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I picked up the Corsair M60 a couple of days ago as a potential replacement for my trusty Logitech G400. As nothing is particularity wrong with the G400 I've just seemed to realize a "Claw Grip" style mouse works better for me and when I saw Microcenter had them on sale for 50.00 I figured why the heck not and whipped out my credit card.

I've always had great success with Corsair in my short time after my migration to a PC gamer last year. Excellent products with support to match! My power supply, case and h60 all seem to have more than earned my money and EASY recommendations to anyone should the subject arise. I may or may not keep the mouse depending on what Corsair plans for the software in the future.



The Good:
Braided Cables
Customizable Weights
Very high DPI

The Bad:
Software could use some work
Has on-board memory...for only one profile
Graphite/Pebble feel for sides won't be everyone's cup of tea

The Surprising:
Sniper button is actually useful
Even for my big hands my claw grip felt much better and comfortable
Fantastic tracking
The initial heavyweight to the mouse felt like an extension of my hand after a while. I don't even notice it anymore.

I tested a variety of games with this one to see how it would react under different situations.

SKYRIM:
First off I'd like to say I definitely noticed an increased smoothness in all my games from my G400. I'd like to apologize to Bethesda for what I assumed was bad engine adjustments as Skyrim was much more playable with this versus my G400. Combined with the "SKY UI" mod this is probably the best experience I've had playing this game. It was an absolutely perfect experience all around.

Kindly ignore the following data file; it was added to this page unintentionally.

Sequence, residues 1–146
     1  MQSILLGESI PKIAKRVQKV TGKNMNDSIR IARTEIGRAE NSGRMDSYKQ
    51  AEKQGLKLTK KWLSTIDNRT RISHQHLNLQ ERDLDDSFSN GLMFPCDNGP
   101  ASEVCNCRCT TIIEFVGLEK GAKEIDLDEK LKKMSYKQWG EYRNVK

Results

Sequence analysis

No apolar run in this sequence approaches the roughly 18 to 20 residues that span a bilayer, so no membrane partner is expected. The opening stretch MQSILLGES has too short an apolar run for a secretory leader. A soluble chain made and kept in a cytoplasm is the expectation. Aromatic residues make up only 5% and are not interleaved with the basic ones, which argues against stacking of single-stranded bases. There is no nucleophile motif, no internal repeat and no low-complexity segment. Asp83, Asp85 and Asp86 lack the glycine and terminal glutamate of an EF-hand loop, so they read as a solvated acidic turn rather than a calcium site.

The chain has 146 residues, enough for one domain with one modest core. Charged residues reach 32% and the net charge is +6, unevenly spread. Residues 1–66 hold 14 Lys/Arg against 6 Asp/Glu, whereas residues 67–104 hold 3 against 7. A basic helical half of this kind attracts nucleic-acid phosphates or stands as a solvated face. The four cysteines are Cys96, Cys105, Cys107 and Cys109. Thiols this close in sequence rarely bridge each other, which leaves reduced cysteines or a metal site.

Modern Warfare 3: May not be nearly as twitchy as the next game I played but it served as a perfect example how much a good mouse can help. As much as everyone hates COD you can't deny it's a fast, painless, arcade-style, jump in and jump out shooter. Which means it moves fast. I was able to aim much better than with my G400. I've probably nailed more headshots in the past hour that I have in the 20+ I've invested since I bought it mid-February. And a general increase in my accuracy overall- Even the rounds where I went negative there wasn't nearly as big as a gap.

Unreal 3: Fastest out the bunch yet still slower than 2004 which IMO would have been an EXCELLENT test for this one. Alas, I jumped on the first nearly full (What's left of the servers anyway) capture the flag map I could find. Suspense was the map and I couldn't have asked for a better one. Many high and low sniper points easily pop some heads. Now, this is where the use of the sniper button was mostly useful by comparison of the other two games. I've always had a problem in this game where my cursor (More than likely a fault of being designed around a controller) would never 100% line up with a headshot. In the midst of it I managed to get a few headshots in with my sniper rifle by hold it down and getting the perfect shot when aiming

Dawn of War 2: Retribution:
Not much to say here other than it worked and it worked well. Ordering troops around was a breeze and there were no headaches to be found.